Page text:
An album cover art story
Pete Sinfield was in need of an album cover. Having served as roadie, light man, lyricist and a general conceptualizer for a new band named King Crimson, he was now tasked with the matter of finding a way to package the strange music the band was committing to tape in the recording studio. Wasting no time, he reached out to his friend and former colleague at English Electric Computers, were they worked the night shifts as computer operators. Enter Barry Godber, who was hired not for his computer programming skills but rather those with the brush, for he studied at Chelsea Art School and was savvy with watercolors. Having never been commissioned for an art project and certainly not an album cover, the aspiring artist asked to listen to the music his art was supposed to visualize. Sinfield put on the tape, blasting a piece of music that blew Godber’s socks off. Hundreds of thousands of people at Hyde Park experienced the same effect a few weeks earlier, when King Crimson unveiled their music at The Stones in the Park concert. Sinfield gave Godber one directive: The cover had to stand out in record shops.
How do you visualize a song like 21st Century Schizoid Man? Godber sat himself in front of a mirror and started painting. Whatever went through his mind as he was applying the watercolors to canvas, it worked. When completed, Sinfield brought it to the recording studio and laid it on the floor for the group members to look at. All but one were flabbergasted. Greg Lake recalls “We all stood around it, and it was like something out of Treasure Island where you’re all standing around a box of jewels and treasure… This fucking face screamed up from the floor, and what it said to us was ‘schizoid man’ – the very track we’d been working on. It was as if there was something magic going on.” The only one who did not like the painting was drummer Michael Giles, but as Robert Fripp said, he also did not like the name King Crimson.
The album was released in October 1969, and some record stores immediately latched on to the visual impact of its cover. Posters were blown up to a size that covered most of the storefronts, projecting a surreal and scary urban facade to unsuspecting passersby. Godbear definitely delivered on Sinfield’s request – that cover stood up. The album was packaged in a gate fold cover that extended one side of the screaming face. Upon opening the gate fold you found Pete Sinfield’s lyrics and another painting by Barry Godbear, this one depicting the character of the Crimson King. That face seem to be smiling, but deeper emotions are hidden in that facial expression. Fripp added: “If you cover the smiling face, the eyes reveal an incredible sadness. What can one add – It reflects the music.”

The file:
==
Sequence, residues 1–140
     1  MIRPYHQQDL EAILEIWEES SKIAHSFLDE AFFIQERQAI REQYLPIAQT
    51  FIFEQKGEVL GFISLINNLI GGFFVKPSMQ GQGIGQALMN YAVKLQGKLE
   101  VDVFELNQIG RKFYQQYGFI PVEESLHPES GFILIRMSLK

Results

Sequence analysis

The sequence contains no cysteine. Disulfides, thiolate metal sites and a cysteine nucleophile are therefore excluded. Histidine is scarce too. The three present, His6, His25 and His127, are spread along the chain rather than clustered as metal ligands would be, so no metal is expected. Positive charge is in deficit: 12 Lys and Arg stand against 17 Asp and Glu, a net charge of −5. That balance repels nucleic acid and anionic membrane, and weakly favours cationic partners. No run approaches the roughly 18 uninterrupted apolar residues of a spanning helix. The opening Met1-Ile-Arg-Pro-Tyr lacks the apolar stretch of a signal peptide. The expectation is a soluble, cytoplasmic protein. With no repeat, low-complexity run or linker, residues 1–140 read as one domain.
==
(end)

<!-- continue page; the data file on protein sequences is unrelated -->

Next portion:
The detail given to the album cover design went beyond the paintings. The title above the lyrics on the inner sleeve drew you in, reading:
In The Court of the Crimson King
An Observation by
No text appeared on the front cover, and nothing even on the album spine. The band’s then-co-manager John Gaydon recalls Fripp saying “It’ll be the only record in the shop without anything down the spine on it, so they’ll know which one it is.”
I remember the first time I listened to the album. Album sleeve in my hands, my gaze on that wrenched painted face, I dropped the needle on side 1 of the LP. It was the perfect sonic match to the album cover, a musical wow moment you experience only a few times in your life. When you calm down from the auditory assault of the first minute, you realize this is a complex piece of music executed by very talented musicians. Multi-instrumentalist Ian McDonald on recording 21st Century Schizoid Man: “The first track on the album was the last one we actually recorded. And I’m very fond of letting people know that we actually recorded it from beginning to end in one take, with no edits. We did overdub some parts later. Contrary to what you might think, it was actually a breeze compared to other tracks. The sax solo just ends abruptly, but we needed the tape track to punch in for one of Robert’s guitar parts.” Sinfield added more insight into the lyrics: “The lyrics for Schizoid Man were written right at the end, where we knew the thing was angry, against the Vietnam war; an angry, modern song of its time. I knew I had to say something, and that I didn’t have many words to say it in.”
Barry Godber sadly died at the young age of 24, a year after the album was released. Fifty years on that piece of music still has the same effect, that sense of urgency, as it did when it was first released. Here it is. The needle drops, and…
Categories: Album Art